Casualties and Victim Assistance

Last updated: 03 December 2015

Action points based on findings

  • Make adequate prosthetic and rehabilitation facilities a priority in the mine-affected regions.
  • Begin coordination of victim assistance obligations with the input of the General Directorate of Services for the Disabled and Elderly in the Ministry of Family and Social Policies.
  • Plan and coordinate victim assistance in accordance with Mine Ban Treaty Maputo Action Plan commitments

Victim assistance commitments

The Republic of Turkey is responsible for landmine and explosive remnants of war (ERW) survivors. Turkey has made a commitment to victim assistance through the Mine Ban Treaty.

Turkey ratified the Convention on the Rights of Persons with Disabilities (CRPD) on 28 September 2009.[1]

Casualties Overview

All known casualties

6,360 (1,269 killed; 5,091 injured) in the period 1984 to 2010

Casualties in 2014

28 (2013: 23)

2014 casualties by outcome

5 killed; 23 injured (2013: 8 killed; 15 injured)

2014 casualties by device type

23 mine; 5 ERW


Monitor analysis of media reports collected by the Initiative for a Mine-Free Turkey (IMFT) and a report published by Human Rights Watch identified at least 28 new mine/ERW casualties in 2014 in Turkey. Of the total, 27 were civilians; the majority of civilian casualties were children (19). One recorded casualty was security personnel.[2] The 2014 total represents a slight increase from the number of casualties reported in 2013 but it remains a significant decrease from the 69 new casualties identified in Turkey from IMFT reporting in 2012.[3]

Included in the total for 2014 were 19 mine casualties from Syria (four killed and 15 injured) in incidents in the Turkish border minefields while crossing from Syria into Turkey. Six casualties among people fleeing from Syria to Turkey were recorded in 2013, with eight recorded the year before. At least 15 of the Syrian casualties were children. Syrians make up 64% of all casualties identified in Turkey in 2014.

Initial emergency medical care for the injured who survive is provided in the Suruç Public Hospital. Depending on their medical needs, they may also be transferred to the Şanlıurfa Mehmet Akif İnan Training and Research Hospital. The exact number of people killed and injured by landmines on the border minefields was not known due to a lack of accurate reporting. According to one of the doctors in the Suruç Public Hospital’s Department of General Surgery, “The mine incidents are reported in the hospital records as ‘wound due to firearms’…Still, I can say that the number of incidents and victims is much greater than the numbers mentioned in the press.”[4] Media reports also indicate the total number of Syrian casualties along the Syria-Turkey border could be much higher than reported with large numbers of displaced persons residing in the minefield.[5]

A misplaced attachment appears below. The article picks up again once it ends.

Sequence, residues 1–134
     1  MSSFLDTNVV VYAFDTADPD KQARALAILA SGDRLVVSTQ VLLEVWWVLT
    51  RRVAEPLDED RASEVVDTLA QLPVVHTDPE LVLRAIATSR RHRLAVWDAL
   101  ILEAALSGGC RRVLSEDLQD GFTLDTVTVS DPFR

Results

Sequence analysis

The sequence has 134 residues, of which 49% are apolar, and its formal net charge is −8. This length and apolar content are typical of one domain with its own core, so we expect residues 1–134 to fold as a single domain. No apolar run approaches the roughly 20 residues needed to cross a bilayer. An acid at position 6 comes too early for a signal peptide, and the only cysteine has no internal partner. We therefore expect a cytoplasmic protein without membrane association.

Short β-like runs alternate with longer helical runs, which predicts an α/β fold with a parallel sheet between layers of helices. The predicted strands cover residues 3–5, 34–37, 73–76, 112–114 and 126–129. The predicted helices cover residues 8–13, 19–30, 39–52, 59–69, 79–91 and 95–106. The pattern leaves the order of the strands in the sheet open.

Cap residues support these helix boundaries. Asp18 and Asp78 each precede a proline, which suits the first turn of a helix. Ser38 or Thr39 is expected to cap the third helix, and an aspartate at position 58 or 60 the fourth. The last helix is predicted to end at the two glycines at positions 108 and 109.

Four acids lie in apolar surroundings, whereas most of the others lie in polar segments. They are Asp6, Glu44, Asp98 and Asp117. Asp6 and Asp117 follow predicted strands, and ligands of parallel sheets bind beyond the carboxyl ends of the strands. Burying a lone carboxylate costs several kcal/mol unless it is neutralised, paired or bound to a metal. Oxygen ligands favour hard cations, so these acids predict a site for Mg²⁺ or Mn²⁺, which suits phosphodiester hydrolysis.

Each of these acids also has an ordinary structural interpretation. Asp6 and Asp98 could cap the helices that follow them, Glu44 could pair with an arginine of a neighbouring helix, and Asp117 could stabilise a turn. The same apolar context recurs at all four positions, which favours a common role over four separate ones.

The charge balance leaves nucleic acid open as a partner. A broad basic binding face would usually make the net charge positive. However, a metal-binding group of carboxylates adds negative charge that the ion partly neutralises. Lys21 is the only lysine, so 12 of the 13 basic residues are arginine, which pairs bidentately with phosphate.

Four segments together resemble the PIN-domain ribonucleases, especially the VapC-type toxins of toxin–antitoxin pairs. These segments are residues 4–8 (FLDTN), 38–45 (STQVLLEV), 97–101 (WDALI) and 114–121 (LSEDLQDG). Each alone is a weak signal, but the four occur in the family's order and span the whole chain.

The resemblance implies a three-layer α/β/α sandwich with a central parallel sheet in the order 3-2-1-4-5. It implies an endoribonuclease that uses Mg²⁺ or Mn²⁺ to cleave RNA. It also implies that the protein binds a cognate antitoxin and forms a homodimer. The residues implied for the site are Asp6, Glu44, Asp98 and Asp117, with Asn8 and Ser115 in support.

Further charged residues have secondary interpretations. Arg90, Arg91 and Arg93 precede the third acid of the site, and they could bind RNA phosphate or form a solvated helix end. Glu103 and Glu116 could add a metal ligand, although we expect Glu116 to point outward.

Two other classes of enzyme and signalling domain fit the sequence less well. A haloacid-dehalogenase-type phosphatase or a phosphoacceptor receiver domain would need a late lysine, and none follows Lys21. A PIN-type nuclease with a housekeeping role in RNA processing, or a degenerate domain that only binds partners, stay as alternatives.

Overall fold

The government of Turkey reported that there were 26 casualties (one killed; 25 injured) in 2014.[6] This represented an increase from the eight casualties reported in 2013. No specific details on civilian status, sex, or age were provided in the reporting.

In its Article 5 deadline Extension Request of March 2013, Turkey provided information on antipersonnel mine casualties occurring between 2004 and the end of 2012: 882 military personnel (260 killed; 622 injured) and 168 civilians (56 killed; 112 injured). Turkey also included disaggregated information on the age and sex of civilian casualties for a similar time period (10 years); of the total civilian casualties reported, 15 were female and 50 were children.[7] In contrast, Monitor reporting, which included IMFT data for the period from 2004 to the end of 2012, counted more than twice the number of civilian mine/ERW casualties; 377 civilian casualties of 979 casualties recorded in total.

The total number of mine/IED/ERW casualties in Turkey is unknown. Turkey had reported 4,271 mine/ERW casualties, including 871 people killed and 3,400 injured, as of the end of 2012.[8] However, according to a media report in April 2010, the Ministry of Internal Affairs had recorded 6,360 mine casualties since 1984; 1,269 people were killed (625 security personnel; 644 civilians) and another 5,091 people were injured (with the number of civilians compared to security personnel injured not reported) in mine incidents.[9] In 2007, a demining specialist reported at least 10,000 mine casualties (mostly civilians) along the Turkish-Syrian border since the 1950s (more than 3,000 killed and 7,000 injured).[10] The Monitor analysis of the period of 2010–2014 found 273 new casualties (74 killed; 199 injured).[11]

Victim Assistance

More than 5,000 people were reported to have been injured by mines in Turkey since 1984.[12]

Victim assistance in 2014

No significant changes in the accessibility or quality of services were reported for 2014. In its Article 7 report, the Government of Turkey reported that 58 mine/ERW survivors received assistance in the form of indemnity, salary, or a job, however, this report only covers treatment received by survivors at military medical facilities.[13] Mine/ERW survivors and persons with disabilities in affected areas did not have access to the same level of services as other persons with disabilities in larger cities in Turkey.[14]